I think a good yardstick for Bluewater cruiser would be if ALL the bulkheads run right to the bilge, not just the floor level, and that ALL bulkheads are fully glassed in, not just sitting there with some goop to hold them in. Bulkheads do have a structural purpose, they are not just there to make different rooms 😉






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Old 20-10-2015, 21:23   #42
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Re: The Evolution of "Condomarans"

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whether builders had bothered to properly install bulkheads. Some do, and some don't. The ones that don't are the companies that are designing and building for the charter market, and are the condomarans. We all know who they are. Bulkheads are not solidly tabbed to hulls, they sit in a channel with some goop, usually grey, and that is what is supposed to provided structural integrity to the boat. Is that safety? It is cost cutting to the point of negligence IMHO, unless you just sail in protected waters, which is fair enough. Charter boats are turned over in 3 to 5 years, so near enough is good enough I guess. But then those boats are purchased by cruisers.....

So, what we have seen in Australia are some of these boats that get across the big water, and they are virtual write offs. Split mast bulkheads, loose bulkheads, bulkheads out of the channel and the goop has let go (what a surprise), loose rigging from the softness of the boat, interior furniture that can be pulled apart by hand....all caused by some rough weather over a few days.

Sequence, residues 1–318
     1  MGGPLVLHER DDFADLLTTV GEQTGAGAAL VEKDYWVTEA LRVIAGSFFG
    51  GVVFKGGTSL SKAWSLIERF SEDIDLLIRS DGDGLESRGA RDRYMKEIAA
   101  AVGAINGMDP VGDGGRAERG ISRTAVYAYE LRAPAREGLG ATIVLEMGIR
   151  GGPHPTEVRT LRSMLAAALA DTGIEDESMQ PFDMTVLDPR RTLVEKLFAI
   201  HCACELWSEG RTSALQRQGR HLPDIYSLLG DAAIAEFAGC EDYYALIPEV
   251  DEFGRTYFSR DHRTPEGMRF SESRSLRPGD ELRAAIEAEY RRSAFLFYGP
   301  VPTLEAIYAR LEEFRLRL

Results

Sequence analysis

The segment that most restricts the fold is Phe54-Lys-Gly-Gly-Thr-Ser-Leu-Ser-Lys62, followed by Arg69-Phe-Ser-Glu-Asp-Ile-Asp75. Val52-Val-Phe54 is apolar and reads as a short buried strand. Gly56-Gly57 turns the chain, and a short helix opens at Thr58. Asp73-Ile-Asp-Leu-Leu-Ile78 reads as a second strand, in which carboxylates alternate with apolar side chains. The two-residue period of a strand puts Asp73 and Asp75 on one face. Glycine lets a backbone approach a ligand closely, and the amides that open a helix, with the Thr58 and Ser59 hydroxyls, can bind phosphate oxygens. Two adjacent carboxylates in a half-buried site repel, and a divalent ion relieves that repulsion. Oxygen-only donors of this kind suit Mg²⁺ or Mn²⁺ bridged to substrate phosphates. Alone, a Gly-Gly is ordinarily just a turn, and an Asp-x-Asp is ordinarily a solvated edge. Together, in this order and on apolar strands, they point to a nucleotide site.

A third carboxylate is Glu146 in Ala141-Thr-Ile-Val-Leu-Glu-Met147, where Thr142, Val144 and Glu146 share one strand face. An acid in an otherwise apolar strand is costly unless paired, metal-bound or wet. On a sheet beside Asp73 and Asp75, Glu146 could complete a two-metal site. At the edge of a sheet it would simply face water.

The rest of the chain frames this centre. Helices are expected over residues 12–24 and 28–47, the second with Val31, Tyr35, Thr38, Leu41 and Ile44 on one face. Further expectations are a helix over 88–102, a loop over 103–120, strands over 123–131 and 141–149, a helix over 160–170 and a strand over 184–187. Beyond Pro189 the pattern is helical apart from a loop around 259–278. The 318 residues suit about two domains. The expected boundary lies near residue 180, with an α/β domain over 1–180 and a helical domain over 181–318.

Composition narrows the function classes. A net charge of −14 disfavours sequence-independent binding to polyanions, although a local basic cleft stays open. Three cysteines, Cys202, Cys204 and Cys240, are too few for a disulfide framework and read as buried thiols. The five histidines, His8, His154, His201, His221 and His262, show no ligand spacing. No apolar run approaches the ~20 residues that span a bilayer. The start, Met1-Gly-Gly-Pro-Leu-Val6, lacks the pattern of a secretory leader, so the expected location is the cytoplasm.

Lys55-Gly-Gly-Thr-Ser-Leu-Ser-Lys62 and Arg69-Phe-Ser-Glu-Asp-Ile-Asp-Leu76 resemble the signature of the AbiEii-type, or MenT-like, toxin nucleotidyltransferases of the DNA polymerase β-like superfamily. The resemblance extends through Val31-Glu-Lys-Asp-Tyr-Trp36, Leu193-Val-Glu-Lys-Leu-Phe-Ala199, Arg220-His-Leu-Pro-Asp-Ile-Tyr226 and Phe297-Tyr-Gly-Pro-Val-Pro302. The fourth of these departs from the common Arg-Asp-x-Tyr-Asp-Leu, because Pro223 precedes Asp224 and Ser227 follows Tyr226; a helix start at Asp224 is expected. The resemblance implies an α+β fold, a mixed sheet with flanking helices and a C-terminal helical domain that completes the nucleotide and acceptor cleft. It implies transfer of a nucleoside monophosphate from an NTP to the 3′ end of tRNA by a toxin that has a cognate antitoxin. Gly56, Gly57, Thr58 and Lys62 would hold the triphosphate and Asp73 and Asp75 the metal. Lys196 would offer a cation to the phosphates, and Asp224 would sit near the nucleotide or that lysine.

Sure, it doesn't happen to every boat, but it just makes me wonder how many owners have such issues and don't know it? You might find issues if you inspect after such conditions are experienced.
We do not profess to be marine engineers or surveyors. That said, our bulkheads appear (in our admittedly unprofessional eyes) to go to the bilge, apart from openings to permit bilge drain hoses, which openings are gooped to effect water seal between compartments. Our bulkheads are certainly heavily gooped along the hulls, although whether that is their only attachment to the hulls we can't say.